Cutting-edge gene-editing technologies, which allow scientists and eager amateurs alike to tweak and reconstitute viruses at a microscopic level, have become widespread in recent years, and the industry remains poorly regulated in the U.S. and elsewhere.
"It should give us pause," said Dr. Alexander Garza, who oversaw biodefense efforts when he ran the Office of Health Affairs as the Department of Homeland Security's chief medical officer from 2009 to 2013.
"If this could happen in nature with a mutation of an RNA virus," he said, referring to the coronavirus, "there is potential, especially with ongoing genetic technology and all of these other things that are getting closer and closer every day, to where it will become possible to genetically modify the virus to make it more virulent and use that as a potential weapon."
The technology, including a type of gene editing known as CRISPR, provides fresh context for changing assumptions about what could be used as a biological weapon — changes that have been accelerated by COVID-19, according to Richard Pilch, who heads the biological weapons program at the Middlebury Institute's Center for Nonproliferation Studies, the world's largest nongovernmental non-proliferation research and education organization.
When it comes to budget dollars, however, Pilch cautioned against overemphasizing the possibility of attacks. "The right mix is to invest in strategies that get us both biodefense preparedness but, more importantly, broad global health preparedness to address things like COVID-19."
He said the key to preventing a natural outbreak is to end the kind of behavior or activities that lead to pathogen spillover from animals to humans, as Chinese authorities say occurred in Wuhan's wet market. But he insisted that avoiding deliberate attacks calls for multilateral engagement and deterrence efforts on the global stage.
Existing detection systems 'insufficient'
The first line of defense against such pathogens, whether naturally occurring or tweaked in labs, is inadequate, according to experts.
Dr. Asha George, a public health specialist who heads up the Bipartisan Commission on Biodefense, said that the threat of a biological event continues to rise and that she remains worried about opponents who might wish to emulate the kind of damage currently felt by the U.S. and many of its allies.
"Now would be the time, or soon would be the time, because we're already drawing down on those resources that we would use to respond," said George, who highlighted the fragility of global supply chains for medical goods and health care infrastructures — staffing levels and hospital bed capacity — which remain under significant strain with COVID-19 admissions still so high.
George testified to Congress in October that the U.S. was unprepared for bioterrorism and biological warfare and that efforts to improve detection technology were "insufficient" and moving in the wrong direction. An environmental detection system known as BioWatch, developed after the 2001 anthrax attacks and overseen since then by the Department of Homeland Security, heavily relies on municipal and state authorities to test environmental samples for intentionally released airborne pathogens before passing on laboratory results to an integrated national registry.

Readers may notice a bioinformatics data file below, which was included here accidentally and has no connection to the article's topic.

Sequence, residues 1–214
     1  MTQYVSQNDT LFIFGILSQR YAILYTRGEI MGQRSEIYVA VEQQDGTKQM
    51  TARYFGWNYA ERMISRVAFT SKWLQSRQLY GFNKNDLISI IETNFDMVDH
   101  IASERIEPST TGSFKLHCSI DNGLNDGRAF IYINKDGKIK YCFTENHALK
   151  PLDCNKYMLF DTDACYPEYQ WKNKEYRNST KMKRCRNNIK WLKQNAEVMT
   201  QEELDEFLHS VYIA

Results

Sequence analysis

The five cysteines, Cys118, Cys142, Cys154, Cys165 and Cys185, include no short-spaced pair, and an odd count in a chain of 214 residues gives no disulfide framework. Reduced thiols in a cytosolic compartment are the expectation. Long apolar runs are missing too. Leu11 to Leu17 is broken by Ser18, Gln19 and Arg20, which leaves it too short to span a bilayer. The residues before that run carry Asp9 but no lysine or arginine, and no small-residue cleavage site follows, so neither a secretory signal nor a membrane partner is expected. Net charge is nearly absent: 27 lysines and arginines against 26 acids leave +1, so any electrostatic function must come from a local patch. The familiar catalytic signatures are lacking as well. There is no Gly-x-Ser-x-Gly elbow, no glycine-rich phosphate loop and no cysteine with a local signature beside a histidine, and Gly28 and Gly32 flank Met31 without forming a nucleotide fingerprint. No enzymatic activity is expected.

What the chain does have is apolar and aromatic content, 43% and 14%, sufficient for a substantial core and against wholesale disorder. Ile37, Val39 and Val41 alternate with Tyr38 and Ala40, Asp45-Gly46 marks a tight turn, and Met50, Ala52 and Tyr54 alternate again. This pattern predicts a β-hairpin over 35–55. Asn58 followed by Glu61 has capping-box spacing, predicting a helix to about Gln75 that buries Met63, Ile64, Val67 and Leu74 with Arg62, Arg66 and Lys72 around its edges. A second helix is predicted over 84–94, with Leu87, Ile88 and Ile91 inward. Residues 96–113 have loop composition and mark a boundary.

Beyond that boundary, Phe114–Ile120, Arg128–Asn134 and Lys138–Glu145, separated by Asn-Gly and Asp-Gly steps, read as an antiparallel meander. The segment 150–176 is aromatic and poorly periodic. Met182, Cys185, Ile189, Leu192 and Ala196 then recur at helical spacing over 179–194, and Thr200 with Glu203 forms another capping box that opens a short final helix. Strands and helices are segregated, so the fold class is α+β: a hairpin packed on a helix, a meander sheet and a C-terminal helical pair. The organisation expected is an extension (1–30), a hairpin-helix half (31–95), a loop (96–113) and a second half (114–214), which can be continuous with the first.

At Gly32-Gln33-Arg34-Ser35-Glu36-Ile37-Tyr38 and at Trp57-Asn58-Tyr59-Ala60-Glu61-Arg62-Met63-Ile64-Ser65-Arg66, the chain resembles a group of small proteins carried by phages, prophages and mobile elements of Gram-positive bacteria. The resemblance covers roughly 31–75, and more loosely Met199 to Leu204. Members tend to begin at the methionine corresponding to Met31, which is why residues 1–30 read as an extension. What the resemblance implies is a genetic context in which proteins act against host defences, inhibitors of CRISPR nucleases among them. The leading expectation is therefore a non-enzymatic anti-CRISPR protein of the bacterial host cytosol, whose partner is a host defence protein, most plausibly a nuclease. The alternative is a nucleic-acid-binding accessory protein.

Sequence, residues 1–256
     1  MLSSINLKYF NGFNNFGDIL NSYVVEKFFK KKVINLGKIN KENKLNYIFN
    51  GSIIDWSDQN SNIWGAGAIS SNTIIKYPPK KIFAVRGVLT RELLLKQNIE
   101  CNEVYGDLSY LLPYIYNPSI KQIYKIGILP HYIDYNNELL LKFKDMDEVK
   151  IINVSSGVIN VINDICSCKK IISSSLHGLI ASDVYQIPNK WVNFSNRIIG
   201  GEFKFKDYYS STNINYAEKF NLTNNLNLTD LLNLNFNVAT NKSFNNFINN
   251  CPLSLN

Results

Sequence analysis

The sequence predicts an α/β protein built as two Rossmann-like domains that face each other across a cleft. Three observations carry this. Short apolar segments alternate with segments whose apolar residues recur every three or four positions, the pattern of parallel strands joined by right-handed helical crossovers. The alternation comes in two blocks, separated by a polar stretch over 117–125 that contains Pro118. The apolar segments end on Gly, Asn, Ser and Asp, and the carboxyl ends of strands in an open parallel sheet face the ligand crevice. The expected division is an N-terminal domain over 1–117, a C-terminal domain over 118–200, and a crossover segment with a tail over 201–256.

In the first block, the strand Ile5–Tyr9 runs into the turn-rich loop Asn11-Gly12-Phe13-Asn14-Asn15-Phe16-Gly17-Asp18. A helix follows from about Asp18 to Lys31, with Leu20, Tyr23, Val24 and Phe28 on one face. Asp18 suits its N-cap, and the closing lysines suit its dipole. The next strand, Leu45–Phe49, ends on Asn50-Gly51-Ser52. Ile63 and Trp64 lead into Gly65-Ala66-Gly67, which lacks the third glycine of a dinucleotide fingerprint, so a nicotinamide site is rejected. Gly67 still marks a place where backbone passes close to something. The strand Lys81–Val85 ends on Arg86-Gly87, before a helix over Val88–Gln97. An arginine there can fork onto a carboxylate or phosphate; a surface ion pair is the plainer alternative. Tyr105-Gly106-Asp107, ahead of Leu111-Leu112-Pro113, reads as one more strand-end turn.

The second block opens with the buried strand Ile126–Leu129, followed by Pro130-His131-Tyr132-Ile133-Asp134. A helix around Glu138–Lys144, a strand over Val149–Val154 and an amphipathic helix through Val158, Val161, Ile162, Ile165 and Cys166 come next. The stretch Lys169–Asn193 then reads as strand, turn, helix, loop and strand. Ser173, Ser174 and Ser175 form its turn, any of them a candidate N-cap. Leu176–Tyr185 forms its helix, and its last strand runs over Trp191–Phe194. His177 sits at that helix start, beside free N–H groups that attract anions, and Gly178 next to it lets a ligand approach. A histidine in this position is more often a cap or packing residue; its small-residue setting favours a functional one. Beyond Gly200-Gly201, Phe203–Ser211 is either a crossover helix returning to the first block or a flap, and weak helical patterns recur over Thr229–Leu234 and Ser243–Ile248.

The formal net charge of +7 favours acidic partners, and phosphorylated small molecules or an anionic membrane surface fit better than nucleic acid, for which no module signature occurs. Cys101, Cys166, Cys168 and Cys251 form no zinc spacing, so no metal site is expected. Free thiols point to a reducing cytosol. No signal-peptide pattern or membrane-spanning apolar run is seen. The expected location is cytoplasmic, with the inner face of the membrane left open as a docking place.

Multiple experts told NBC News that the system has long been in need of a major upgrade and fails to provide the kind of detailed, real-time geographic information about infection spread that would be useful to prevent viral pandemics, intentional or otherwise. "That system is still not adequate to meet the threats that we are facing today," George said. "We need that early warning. We don't have it right now."
What else needs improvement?
To defend against a biological attack, Kadlec said, the U.S. needs to increase its testing capacity and improve the pipelines for treatment and vaccine production under a centralized national umbrella. To guard against future threats, he said, this "system of systems" must also encompass improved health surveillance of the population, as well as more effective detection techniques for viruses and bacteria, while public health authorities across the various levels of local, state and federal government must step up their readiness.
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Juan Zarate, who was deputy national security adviser to President George W. Bush, said U.S. authorities must domestically rethink the communication between various government agencies and the private sector so the response to a biological event can be more consistent, rapid and aggressive.
COVID-19 has "brought home not only the realities of our vulnerabilities but the potential risk of this kind of a pandemic in man-made context, genetically modified, that is targeted in ways that are intended to undermine, attack our systems and our health," said Zarate, an NBC News contributor who oversaw the creation of infrastructure to combat terrorism financing in the wake of the terrorist attacks of Sept. 11, 2001. "Our homeland security posture and even our counterterrorism approach will be fundamentally altered by this crisis."